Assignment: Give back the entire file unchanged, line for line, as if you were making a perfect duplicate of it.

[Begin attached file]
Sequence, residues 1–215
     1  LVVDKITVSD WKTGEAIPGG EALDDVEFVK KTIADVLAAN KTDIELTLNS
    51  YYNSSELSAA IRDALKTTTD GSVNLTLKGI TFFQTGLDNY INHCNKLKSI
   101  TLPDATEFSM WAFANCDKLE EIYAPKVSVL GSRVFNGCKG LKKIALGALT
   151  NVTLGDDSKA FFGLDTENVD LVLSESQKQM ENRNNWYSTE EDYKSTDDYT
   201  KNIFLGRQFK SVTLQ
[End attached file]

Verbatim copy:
Sequence, residues 1–215
     1  LVVDKITVSD WKTGEAIPGG EALDDVEFVK KTIADVLAAN KTDIELTLNS
    51  YYNSSELSAA IRDALKTTTD GSVNLTLKGI TFFQTGLDNY INHCNKLKSI
   101  TLPDATEFSM WAFANCDKLE EIYAPKVSVL GSRVFNGCKG LKKIALGALT
   151  NVTLGDDSKA FFGLDTENVD LVLSESQKQM ENRNNWYSTE EDYKSTDDYT
   201  KNIFLGRQFK SVTLQ